Every Tuesday in August, ELCA pastors and leaders are sharing contemplative prompts for reflection and meditation. Today, Lamont Anthony Wells, executive director of the Network of ELCA Colleges and Universities, shares his thoughts on Matthew 5:13-16:

[Jesus said,] “You are the salt of the earth, but if salt has lost its taste, how can its saltiness be restored? It is no longer good for anything but is thrown out and trampled under foot. You are the light of the world. A city built on a hill cannot be hid. People do not light a lamp and put it under the bushel basket; rather, they put it on the lampstand, and it gives light to all in the house. In the same way, let your light shine before others, so that they may see your good works and give glory to your Father in heaven.”

Living Lutheran: What does this passage mean in context?

Wells: This particular passage of Scripture is significantly calling us to be who we are purposed to be. As salt in the earth and the light of God in the world, our lived influence is enhancing the creation around us. Or at least it should be doing so. As believers, we have in us moral matter and divine resources that enable us to live pointing to the way of God. Moreover, the essence of who we are is not simply for show and self-admiration but to be a catalyst for positivity and transformation so that others will experience us in ways that bring glory to God.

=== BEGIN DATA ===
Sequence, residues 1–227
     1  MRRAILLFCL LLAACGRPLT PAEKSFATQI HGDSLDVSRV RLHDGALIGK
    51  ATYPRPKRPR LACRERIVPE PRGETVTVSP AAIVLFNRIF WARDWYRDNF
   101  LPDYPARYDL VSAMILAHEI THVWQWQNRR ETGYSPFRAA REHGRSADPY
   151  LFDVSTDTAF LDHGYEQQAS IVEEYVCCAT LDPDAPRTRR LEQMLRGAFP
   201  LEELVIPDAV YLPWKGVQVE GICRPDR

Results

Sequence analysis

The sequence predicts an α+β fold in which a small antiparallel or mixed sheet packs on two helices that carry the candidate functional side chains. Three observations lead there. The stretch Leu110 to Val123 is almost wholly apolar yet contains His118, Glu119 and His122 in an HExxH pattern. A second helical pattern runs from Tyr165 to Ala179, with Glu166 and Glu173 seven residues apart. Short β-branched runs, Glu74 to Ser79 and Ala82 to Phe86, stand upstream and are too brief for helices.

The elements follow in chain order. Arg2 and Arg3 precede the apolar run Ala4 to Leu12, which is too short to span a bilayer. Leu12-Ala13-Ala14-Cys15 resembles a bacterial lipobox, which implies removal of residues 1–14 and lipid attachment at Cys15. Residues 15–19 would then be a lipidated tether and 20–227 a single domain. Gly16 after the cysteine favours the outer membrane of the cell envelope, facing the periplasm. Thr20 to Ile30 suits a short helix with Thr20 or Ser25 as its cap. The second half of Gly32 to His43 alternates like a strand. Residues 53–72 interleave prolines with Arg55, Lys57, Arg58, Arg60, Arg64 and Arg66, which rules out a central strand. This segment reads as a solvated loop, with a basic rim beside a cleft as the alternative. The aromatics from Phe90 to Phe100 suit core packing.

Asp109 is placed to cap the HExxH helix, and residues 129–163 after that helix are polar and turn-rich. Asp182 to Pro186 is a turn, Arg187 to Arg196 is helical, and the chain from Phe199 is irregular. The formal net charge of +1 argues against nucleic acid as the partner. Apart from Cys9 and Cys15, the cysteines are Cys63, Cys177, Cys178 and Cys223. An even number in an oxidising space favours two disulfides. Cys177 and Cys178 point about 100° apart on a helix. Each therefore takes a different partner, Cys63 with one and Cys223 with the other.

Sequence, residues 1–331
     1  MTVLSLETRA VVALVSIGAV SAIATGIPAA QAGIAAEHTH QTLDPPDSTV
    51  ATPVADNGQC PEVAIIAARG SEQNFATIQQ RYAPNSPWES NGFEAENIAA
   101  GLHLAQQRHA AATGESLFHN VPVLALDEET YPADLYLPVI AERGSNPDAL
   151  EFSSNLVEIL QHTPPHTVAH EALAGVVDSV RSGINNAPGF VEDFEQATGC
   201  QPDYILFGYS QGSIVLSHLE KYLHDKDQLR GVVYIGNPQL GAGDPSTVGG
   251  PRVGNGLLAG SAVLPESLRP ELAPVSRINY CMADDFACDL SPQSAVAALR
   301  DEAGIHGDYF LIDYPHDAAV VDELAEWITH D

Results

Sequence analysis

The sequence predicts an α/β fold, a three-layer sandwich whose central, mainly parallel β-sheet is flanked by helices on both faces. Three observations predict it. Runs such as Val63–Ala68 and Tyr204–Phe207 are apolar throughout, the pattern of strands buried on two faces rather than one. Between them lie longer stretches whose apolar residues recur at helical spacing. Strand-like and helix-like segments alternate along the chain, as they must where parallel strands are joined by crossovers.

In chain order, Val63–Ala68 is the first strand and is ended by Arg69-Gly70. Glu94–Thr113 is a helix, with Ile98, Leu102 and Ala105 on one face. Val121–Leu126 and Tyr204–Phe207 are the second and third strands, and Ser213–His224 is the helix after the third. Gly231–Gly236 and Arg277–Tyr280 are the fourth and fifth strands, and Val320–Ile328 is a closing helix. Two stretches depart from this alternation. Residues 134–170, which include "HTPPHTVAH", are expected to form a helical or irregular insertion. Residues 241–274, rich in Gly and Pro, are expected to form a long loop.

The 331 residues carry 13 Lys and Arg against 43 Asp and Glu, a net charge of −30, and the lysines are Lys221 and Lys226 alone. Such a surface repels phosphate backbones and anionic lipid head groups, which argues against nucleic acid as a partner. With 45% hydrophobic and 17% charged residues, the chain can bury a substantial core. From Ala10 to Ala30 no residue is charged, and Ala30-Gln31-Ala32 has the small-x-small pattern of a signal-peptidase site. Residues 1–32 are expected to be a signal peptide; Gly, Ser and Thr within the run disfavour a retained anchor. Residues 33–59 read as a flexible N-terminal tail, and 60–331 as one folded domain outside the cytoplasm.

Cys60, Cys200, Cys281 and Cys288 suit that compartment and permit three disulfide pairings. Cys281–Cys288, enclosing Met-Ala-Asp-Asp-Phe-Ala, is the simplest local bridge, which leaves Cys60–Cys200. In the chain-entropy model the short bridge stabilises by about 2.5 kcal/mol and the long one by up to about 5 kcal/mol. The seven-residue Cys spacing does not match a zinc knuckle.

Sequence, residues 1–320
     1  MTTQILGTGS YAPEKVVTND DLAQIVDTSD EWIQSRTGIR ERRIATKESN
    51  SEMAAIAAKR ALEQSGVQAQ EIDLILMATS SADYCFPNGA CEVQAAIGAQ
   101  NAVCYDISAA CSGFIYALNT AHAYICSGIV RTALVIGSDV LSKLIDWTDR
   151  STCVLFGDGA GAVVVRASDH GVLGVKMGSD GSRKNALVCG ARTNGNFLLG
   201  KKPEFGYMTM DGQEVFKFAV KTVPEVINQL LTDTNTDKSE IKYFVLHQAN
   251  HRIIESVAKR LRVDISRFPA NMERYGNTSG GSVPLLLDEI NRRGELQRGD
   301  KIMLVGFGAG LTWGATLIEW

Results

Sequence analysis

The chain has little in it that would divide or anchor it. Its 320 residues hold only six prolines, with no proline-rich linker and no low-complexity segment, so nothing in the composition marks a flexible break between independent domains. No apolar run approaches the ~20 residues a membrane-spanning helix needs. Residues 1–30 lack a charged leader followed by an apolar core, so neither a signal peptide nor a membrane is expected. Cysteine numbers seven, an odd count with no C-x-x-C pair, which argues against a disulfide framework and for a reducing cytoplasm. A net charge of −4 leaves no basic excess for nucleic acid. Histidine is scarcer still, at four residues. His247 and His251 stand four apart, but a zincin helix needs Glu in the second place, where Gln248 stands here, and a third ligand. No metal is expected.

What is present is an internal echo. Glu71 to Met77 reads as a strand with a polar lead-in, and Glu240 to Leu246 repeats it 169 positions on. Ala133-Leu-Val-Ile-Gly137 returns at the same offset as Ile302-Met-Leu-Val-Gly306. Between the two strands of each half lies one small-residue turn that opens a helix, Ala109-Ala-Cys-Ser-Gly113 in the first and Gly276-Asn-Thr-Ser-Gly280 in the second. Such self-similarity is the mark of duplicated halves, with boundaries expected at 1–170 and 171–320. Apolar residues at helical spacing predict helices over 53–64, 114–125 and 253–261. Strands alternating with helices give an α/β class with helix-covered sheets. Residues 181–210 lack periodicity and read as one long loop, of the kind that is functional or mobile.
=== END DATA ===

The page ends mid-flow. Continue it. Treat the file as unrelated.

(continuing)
What does this mean for the modern world? What can we learn from this?

The ability for us to manifest this salt and light is becoming harder and harder in the times in which we live. We almost have to be intentional in being countercultural, which is the hope in the text. Jesus is explaining that who we are created to be is not always how we show up. This text is a great reminder to remember, recall and reflect on our purpose and be intentional and mindful of how we show up at every time and in every place.

Can you share a meditation inspired by this Scripture?

Someone, something and some place needs the beautiful essence of our divinity to exude from our lives, maybe even for their own survival or at least to prompt their own divine connection. The declaration “You are …” are powerful words that realign our lives from common distractions that often hinder us. Every now and then we all need a pep talk to give us the nudge we need to live our best lives by fulfilling our divine purpose. May the God of all creation continually remind us of who we are so that we all may be positive enhancements in all the world around us.

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